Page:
Background: Many population studies find that alcohol prices are inversely related to alcohol consumption and alcohol-related problems, including among college students and young adults. Yet, little is known about the “micro-level” effects of alcohol price on the behavior of individual consumers in natural drinking settings such as college bars. Therefore, we assessed patron’s cost per gram of ethanol consumed at on-premise drinking establishments and its association with intoxication upon leaving an establishment.
Methods: On 4 consecutive nights during April 2008, data were collected from 804 patrons exiting 7 on-premise establishments in a bar district located adjacent to a large university campus in the southeastern United States. Anonymous interview and survey data were collected as well as breath alcohol concentration (BrAC) readings. We calculated each patron’s expenditures per unit of ethanol consumed based on self-reported information regarding the type, size, number, and cost of consumed drinks.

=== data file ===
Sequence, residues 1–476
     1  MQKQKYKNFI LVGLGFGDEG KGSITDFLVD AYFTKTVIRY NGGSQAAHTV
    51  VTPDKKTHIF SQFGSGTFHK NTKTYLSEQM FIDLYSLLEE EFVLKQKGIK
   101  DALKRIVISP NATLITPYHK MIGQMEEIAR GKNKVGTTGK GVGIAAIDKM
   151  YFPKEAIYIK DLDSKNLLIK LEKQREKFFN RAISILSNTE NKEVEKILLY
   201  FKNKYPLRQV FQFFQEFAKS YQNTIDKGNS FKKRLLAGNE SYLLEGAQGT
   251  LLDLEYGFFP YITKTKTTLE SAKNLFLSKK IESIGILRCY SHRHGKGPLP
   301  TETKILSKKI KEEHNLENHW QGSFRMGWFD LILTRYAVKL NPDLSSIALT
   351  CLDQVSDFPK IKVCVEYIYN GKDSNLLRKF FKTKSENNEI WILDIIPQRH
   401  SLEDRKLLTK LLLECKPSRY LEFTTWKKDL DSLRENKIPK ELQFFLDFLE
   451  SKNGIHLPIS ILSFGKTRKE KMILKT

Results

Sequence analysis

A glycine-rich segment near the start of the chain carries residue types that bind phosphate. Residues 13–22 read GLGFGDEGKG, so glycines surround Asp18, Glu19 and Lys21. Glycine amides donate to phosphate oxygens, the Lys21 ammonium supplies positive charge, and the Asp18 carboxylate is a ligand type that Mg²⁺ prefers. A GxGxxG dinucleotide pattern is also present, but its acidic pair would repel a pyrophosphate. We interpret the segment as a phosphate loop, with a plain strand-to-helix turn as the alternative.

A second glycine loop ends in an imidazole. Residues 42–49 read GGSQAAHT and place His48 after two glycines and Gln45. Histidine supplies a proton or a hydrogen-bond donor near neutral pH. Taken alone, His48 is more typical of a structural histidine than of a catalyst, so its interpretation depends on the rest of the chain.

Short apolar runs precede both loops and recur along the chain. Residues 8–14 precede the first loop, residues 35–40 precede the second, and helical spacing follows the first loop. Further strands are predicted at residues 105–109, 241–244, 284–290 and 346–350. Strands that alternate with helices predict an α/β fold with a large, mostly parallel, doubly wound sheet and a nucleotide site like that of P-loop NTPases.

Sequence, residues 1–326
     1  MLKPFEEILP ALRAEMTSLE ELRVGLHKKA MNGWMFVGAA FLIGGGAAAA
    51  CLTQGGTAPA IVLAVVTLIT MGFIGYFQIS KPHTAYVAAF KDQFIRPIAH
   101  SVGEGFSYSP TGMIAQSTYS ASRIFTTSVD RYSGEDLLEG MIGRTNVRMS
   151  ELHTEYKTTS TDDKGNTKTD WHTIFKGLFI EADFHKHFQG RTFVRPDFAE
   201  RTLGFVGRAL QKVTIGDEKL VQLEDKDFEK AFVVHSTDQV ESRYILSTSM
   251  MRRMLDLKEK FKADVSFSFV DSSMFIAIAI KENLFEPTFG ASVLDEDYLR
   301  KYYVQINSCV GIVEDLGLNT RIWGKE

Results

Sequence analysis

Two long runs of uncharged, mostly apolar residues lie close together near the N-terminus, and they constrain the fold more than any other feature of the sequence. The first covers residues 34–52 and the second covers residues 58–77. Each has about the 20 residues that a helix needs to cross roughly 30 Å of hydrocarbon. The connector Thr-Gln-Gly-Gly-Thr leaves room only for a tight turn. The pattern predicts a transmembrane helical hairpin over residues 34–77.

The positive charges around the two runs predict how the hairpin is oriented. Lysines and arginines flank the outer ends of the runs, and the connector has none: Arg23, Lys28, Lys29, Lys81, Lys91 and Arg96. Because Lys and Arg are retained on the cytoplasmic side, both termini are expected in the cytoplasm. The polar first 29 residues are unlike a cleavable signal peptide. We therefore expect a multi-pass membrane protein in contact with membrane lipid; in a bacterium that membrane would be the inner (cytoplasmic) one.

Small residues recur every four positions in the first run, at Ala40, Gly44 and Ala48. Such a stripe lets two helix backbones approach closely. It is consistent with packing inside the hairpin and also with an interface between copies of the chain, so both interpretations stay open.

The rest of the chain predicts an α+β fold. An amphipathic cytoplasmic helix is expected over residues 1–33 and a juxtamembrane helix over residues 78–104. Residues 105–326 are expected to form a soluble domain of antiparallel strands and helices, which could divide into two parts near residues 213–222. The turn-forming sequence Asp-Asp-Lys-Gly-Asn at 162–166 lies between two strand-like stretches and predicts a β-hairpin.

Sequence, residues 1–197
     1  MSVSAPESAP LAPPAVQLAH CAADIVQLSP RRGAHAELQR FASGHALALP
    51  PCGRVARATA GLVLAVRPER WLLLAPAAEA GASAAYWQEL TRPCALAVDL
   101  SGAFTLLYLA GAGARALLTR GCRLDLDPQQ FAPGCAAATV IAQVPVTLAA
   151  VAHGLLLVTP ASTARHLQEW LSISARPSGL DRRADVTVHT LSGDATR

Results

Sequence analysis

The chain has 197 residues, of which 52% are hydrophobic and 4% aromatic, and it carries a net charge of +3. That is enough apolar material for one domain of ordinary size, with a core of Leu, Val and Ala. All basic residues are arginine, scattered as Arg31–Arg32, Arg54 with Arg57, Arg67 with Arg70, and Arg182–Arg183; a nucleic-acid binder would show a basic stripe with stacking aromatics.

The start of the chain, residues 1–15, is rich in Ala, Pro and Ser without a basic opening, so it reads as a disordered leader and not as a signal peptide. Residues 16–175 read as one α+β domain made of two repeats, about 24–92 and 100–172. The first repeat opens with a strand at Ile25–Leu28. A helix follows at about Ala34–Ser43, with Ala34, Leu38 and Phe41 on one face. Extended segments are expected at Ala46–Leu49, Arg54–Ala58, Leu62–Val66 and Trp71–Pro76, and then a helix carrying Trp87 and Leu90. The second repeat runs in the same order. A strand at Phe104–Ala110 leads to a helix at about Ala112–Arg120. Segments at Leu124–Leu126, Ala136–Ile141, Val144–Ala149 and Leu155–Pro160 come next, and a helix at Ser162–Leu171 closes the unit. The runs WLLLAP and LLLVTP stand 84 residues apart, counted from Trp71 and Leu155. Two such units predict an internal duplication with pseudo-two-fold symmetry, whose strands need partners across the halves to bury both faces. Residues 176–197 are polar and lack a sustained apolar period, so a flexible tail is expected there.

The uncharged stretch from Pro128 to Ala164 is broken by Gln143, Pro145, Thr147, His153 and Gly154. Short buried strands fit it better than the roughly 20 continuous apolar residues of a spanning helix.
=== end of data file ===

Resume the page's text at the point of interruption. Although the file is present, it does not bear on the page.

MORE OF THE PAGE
Results: A multivariable model revealed that a 10-cent increase in cost per gram of ethanol at on-premise establishments was associated with a 30% reduction in the risk of exiting an establishment intoxicated (i.e., BrAC ≥ 0.08 g/210 l).
Conclusions: The results are consistent with economic theory and population-level research regarding the price elasticity of alcoholic beverages, which show that increases in alcohol prices are accompanied by less alcohol consumption. These findings suggest that stricter regulation of the drink discounting practices of on-premise drinking establishments would be an effective strategy for reducing the intoxication levels of exiting patrons.